The coherent control of optical images has garnered attention because all information embedded in optical images is expected to be controlled in a parallel way. One of the most important control processes is switch for information delivery. We experimentally demonstrated phase-controlled optical image switching in a double-Λ system where the transmission of the image through a medium was switched. Two independent laser sources were adopted for a double-Λ system such that images inscribed in two weak probe light beams were incoherent with each other. Arbitrary phase was added to the optical images to show that switching could be accomplished just with the relative phase difference between the probe pixels.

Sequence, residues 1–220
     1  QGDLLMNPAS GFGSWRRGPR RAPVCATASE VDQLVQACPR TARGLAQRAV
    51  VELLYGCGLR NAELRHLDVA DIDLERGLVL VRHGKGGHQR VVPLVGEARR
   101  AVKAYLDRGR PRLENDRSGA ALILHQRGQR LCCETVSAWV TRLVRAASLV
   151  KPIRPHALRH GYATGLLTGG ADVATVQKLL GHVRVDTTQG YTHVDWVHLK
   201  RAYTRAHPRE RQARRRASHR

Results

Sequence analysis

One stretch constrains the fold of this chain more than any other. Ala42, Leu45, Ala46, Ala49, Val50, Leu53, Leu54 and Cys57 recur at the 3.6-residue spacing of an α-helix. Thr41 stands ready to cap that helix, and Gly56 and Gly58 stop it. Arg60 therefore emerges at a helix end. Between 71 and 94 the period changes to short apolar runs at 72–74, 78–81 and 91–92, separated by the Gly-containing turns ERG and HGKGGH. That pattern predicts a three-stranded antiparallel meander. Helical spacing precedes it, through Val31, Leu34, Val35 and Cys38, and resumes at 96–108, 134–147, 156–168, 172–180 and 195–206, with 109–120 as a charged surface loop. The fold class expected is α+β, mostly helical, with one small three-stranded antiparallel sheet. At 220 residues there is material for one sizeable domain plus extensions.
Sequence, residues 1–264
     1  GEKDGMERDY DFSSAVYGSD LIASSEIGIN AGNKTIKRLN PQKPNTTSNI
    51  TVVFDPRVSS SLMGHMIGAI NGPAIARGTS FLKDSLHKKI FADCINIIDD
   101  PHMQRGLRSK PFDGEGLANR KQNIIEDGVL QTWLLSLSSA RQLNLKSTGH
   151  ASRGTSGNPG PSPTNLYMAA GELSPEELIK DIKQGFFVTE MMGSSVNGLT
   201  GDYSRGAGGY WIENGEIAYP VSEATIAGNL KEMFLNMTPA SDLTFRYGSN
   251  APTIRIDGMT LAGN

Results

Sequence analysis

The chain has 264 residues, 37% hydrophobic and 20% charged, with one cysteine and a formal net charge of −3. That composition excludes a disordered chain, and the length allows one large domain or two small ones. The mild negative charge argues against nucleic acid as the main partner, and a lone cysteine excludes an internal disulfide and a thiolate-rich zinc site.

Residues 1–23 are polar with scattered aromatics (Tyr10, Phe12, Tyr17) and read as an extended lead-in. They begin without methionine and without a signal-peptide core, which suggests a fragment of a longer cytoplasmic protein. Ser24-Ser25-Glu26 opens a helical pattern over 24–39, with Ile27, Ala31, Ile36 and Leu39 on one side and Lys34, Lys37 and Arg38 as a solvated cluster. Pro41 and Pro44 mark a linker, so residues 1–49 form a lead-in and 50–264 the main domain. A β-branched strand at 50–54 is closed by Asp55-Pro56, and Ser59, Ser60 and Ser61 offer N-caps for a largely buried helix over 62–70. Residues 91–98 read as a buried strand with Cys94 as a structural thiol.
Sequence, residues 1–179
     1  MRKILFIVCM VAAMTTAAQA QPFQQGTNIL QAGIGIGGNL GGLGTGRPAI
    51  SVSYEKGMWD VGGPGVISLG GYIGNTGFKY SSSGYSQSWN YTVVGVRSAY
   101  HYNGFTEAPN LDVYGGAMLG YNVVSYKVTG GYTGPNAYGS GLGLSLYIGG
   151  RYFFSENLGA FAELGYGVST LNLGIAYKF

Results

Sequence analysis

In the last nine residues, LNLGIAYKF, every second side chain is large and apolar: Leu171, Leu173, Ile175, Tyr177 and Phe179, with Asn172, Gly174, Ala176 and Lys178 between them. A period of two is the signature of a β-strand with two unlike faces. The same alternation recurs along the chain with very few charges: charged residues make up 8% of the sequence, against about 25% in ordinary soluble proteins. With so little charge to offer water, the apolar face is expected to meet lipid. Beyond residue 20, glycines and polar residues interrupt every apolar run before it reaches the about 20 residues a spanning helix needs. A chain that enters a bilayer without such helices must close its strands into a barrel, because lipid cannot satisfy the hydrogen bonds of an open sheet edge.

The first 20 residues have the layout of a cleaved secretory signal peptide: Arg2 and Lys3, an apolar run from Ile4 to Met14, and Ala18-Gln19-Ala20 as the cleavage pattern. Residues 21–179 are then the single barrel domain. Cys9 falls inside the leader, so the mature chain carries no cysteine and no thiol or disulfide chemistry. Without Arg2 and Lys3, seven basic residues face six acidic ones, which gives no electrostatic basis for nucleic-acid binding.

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Optical image contains a range of information on each pixel depending on the intensity and phase of the light field. Once information is inscribed in each pixel, parallel information processing is possible by controlling the image communication network. Recently, coherent controls including slow light and light storage have been applied to optical images [1–3]. In addition, in the quantum information science, there are considerations on using quantum images for the parallel logical processing of photonic qubits; entangled images have already been generated by four-wave mixing in a four-level system [4, 5]. It has also been demonstrated that the optical image resolution can be improved at the sub-shot-noise level by using entangled images generated by a parametric down conversion . Based on quantum interference, light switching with a light has already been studied and quantum light switching with single photons may have important applications in quantum electronics. Based on electromagnetically induced transparency (EIT), four-state atomic system was suggested as a switching device for controlling two-photon absorption that could be realized at single photon level [7, 8]. Enhanced three-photon absorption induced by large Kerr effect in a four-state system was experimentally observed to investigate the switching feasibility . Furthermore, M. Bajcsy et al. demonstrated a fiber-optical switch that was activated at extremely low energies corresponding to a few hundreds of optical photons per pulse . This was achieved by simultaneous confining both photons and a small laser cooled ensemble of atoms inside the microscopic hollow core of a single-mode photonic-crystal fiber and using quantum optical techniques for generating slow light propagation and large nonlinear interaction between light beams. Y.H. Chen et al. demonstrated that two light pulses could be made motionless and interact with each other through a medium. The scheme with motionless light pulses maximized the interaction time and could work with a considerable efficiency even below single-photon level . Pulse matching in two modes, using a three-level double-Λ system was also studied to show that two mode group velocities could be matched using a controllable four-wave mixing channel . Phase-controlled switching effect was subsequently demonstrated experimentally in a double Lambda four-level system, implemented by rubidium cold atoms [13, 14]. J. Zhang et al. demonstrated all-optical switching at ultra-low light levels where a signal light pulse was switched on and off by a control light pulse at frequencies different with that of the signal. The control light pulses contained 20 photons each, what corresponds to a control energy density of 10−5 photons per atomic cross section [15, 16]. A double-Λ system with non-resonant intermediate states also has been studied to show phase-dependent switching effects [17, 18]. Meanwhile, Rydberg atoms were considered for quantum light switch in order to account for atom-photon and photon-photon correlations, which would open up a general framework for studying many-body physics with strongly interacting photons . Image processes with four-wave mixing really have been done already but our image switching technique is quite different from the previous works . Our image switching is allowed for ultra low intensity images however others need high intensity images due to the low efficiency of four-wave mixing. It is the first work that all-optical switching in a double- system is applied to optical image switching. All-optical image switching might be extended to quantum image switching at the same reason that all-optical switching at ultra-low light level is expected to applied to nonclassical photon switching.